The EDS International Consortium identifies Common Data Elements as next collaborative goalPosted December 22, 2017
The International Consortium on Ehlers-Danlos Syndromes and Related Disorders was created following the 2017 diagnostic criteria and management and care guidelines. The Consortium is an independent group of medical professionals and patient experts committed to progress, research, and collaboration in the field, to work on the many challenges and research questions faced by families, clinicians, and social agencies. The clinicians, scientists, and lay experts are organized into committees and working groups based on medical specialty and research interests and coordinated by the Steering Committee. The consortium’s administrative and event-planning needs are facilitated by The Ehlers-Danlos Society, but all work and opinions are independent and come solely from the consortium members. The Ehlers-Danlos Society hosts the Consortium’s International Symposium every two years.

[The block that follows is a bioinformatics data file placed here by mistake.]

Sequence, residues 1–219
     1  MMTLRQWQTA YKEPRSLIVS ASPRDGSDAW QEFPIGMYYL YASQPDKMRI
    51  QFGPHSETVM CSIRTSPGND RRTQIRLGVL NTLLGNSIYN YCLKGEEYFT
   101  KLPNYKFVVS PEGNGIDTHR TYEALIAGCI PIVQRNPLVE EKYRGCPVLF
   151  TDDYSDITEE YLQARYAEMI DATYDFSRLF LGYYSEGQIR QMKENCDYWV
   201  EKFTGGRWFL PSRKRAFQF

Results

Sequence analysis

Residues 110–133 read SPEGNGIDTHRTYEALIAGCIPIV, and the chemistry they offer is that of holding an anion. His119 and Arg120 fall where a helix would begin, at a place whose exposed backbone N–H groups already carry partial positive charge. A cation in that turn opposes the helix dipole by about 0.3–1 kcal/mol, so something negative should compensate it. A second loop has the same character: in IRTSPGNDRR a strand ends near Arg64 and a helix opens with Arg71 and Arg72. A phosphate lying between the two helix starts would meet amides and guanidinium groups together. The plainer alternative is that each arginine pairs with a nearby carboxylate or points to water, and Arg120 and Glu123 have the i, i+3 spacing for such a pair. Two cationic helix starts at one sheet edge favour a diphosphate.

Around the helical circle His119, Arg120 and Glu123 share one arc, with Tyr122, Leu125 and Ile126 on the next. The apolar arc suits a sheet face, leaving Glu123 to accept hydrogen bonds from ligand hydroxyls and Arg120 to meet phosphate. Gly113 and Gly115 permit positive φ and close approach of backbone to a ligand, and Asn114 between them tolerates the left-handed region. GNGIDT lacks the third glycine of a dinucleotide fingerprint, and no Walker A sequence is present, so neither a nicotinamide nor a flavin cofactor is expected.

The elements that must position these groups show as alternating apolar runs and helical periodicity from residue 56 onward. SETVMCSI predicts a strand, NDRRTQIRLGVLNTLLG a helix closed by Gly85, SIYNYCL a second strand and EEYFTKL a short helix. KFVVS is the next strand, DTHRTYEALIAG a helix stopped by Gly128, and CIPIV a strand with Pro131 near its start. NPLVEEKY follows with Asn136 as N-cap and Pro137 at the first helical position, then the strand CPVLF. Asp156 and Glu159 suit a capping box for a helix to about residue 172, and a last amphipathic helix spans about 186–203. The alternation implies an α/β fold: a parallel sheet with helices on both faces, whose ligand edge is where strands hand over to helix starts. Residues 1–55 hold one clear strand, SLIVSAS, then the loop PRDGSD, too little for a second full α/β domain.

Leading to the September 2018 International Symposium in Ghent, the Consortium’s work will be focused on developing a set of Common Data Elements (CDEs) to use as the basis for future collaborative research on the Ehlers-Danlos syndromes and related disorders.
CDEs are a list of specific types of data to be collected by researchers in the course of a study. CDEs may be as simple and general as age or gender. CDEs can also be in-depth or specific to the field of study, such as identifying the type of Ehlers-Danlos or Beighton score. When researchers in a field agree on a standardized set of CDEs, every study performed will collect the same baseline data in the same way. This allows our researchers to pool data collected across multiple studies, which more easily advances our knowledge.
The Common Data Element initiative in the US was spearheaded by the National Institute of Neurologic Diseases and Stroke (NINDS) of the National Institutes of Health. An overview of the NINDS CDE effort is available here.
A great deal of work establishing a wide-ranging set of CDEs has already been done by the larger scientific community. The International Consortium on EDS and Related Disorders will use many of these already codified CDEs, while allowing the Consortium’s committees and groups to develop CDEs for their specific areas of expertise. This is expected to lead to better research and new insights.
Categorized in: Medical & Scientific News